All forms of dance share several standard foot positions. This article will describe the standard foot positions and explain where they turn up in west coast swing.
First Foot Position
In first foot position, the two feet are next to each other. Like all foot positions, this position can have varying degrees of turnout. In the picture above, the toes are pointed out from each other about 30 degrees total. A slight degree of turnout adds stability and avoids the ugly lines created by toed-in or pigeon-toed feet. On the other extreme, having the feet turned out all the way looks unnatural and doesn’t fit well with the WCS aesthetic. For west coast, a good general rule is that the feet should be turned out somewhere between 20 and 80 degrees.
First foot position is often taught in many beginner patterns. For instance, the 2 through 3& of the leader’s left side pass and the 3& of the follower’s push break are described as together steps. Because WCS is a leverage-based dance, however, more advanced dancers will tend to use a subtle third foot position instead of first in order to create a front and back foot and thus maintain the leverage/compression dimension of the dance.
Second Foot Position
Second foot position is a side step. The feet maintain the same degree of relative turnout as in first foot position, but the heels are separated along a horizontal axis. This position is used by the leader when crossing the slot (as on count 4 of a whip), but is less common on the follower’s side since she remains in the slot for most of the dance. Both partners will frequently use second position when hitting a pose and presenting towards the audience.
Third Foot Position
In third foot position, the heel of the front foot is lined up with the instep of the back foot. Either foot can be the back foot; the picture shows the leader’s typical third foot anchor, while the follower’s anchor has the left foot behind the right. Third position can also be performed with varying degrees of openness: a closed third has the heel of the front foot almost touching the back foot’s instep, while an open third can go almost as far as a fourth position step.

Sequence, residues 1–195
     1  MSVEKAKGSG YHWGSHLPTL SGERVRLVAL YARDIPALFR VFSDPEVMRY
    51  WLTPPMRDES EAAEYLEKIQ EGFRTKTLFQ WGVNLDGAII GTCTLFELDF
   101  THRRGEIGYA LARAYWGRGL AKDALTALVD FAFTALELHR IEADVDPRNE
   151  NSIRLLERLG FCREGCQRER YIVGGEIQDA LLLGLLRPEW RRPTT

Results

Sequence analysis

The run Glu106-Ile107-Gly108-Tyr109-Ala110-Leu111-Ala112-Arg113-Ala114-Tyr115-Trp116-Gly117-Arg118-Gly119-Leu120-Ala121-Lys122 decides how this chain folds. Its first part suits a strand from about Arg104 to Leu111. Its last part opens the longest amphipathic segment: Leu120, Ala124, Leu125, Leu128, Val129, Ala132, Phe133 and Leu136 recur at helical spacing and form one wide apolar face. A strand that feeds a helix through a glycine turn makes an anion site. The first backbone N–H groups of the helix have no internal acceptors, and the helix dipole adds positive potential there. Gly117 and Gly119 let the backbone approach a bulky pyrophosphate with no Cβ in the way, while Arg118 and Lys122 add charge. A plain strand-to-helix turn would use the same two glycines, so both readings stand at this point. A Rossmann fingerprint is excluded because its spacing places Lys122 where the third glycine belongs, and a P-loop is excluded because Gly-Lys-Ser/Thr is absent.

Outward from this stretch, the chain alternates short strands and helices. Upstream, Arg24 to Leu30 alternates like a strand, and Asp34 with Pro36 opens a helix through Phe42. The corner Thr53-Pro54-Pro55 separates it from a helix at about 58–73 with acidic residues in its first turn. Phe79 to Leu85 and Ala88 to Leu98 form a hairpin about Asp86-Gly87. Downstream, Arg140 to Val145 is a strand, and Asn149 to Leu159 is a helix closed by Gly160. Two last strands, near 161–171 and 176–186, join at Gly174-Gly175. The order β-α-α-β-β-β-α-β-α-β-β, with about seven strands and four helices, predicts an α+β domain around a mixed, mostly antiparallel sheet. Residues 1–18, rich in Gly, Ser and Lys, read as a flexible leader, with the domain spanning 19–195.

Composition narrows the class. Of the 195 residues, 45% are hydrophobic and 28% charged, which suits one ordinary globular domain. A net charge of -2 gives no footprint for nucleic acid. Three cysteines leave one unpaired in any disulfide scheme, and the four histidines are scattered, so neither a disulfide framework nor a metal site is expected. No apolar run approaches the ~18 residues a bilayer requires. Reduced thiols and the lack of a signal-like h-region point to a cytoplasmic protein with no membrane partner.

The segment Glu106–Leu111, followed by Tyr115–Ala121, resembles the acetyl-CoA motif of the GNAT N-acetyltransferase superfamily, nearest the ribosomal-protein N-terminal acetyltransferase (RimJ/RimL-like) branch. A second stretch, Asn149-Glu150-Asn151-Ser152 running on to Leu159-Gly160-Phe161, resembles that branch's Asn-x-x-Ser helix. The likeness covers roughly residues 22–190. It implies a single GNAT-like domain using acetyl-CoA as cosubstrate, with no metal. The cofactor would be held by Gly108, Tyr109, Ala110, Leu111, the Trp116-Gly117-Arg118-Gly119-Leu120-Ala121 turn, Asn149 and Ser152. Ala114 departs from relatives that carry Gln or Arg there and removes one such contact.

Third foot position is extraordinarily common in WCS. It is the basic anchor position because it encourages the dancer to keep their weight away from their partner, and it is often used in the middle of patterns instead of a first position in order to sustain the away connection.
Fourth Foot Position
Fourth foot position is a forward step. Notice that the heels remain in a line even though the toes are turned out; this technique, known as single-tracking, helps create clean lines and makes possible good contra-body movement.
Followers use fourth foot position at the beginning of every pattern; leaders use fourth position on push breaks and when setting the post on beat 4 or 6.
Fifth Foot Position
Fifth foot position is not used often in WCS except for variations. In fifth, the toe of the back foot is almost touching the heel of the forward foot. This position is unique in that the heel of the back foot remains off the ground; only the toe base touches the floor.
Cross Foot Position
In the cross foot position, the foot to be weighted crosses in front of the other leg before receiving weight. Although the weighted foot is in front of the other foot, the energy from a crossed foot position is backwards. This makes the cross foot position extremely common on anchor variations. Followers also use the cross on the first triple of their side passes in order to continue traveling down the slot.
Hook Foot Position
The hook foot position places the weighted foot behind the other leg. However, the energy of the hook movement is forward rather than backwards; the hooked foot is pushing the free leg forward. Because of this forward energy, hooks are often used to flare the free leg out for a sweep or ronde.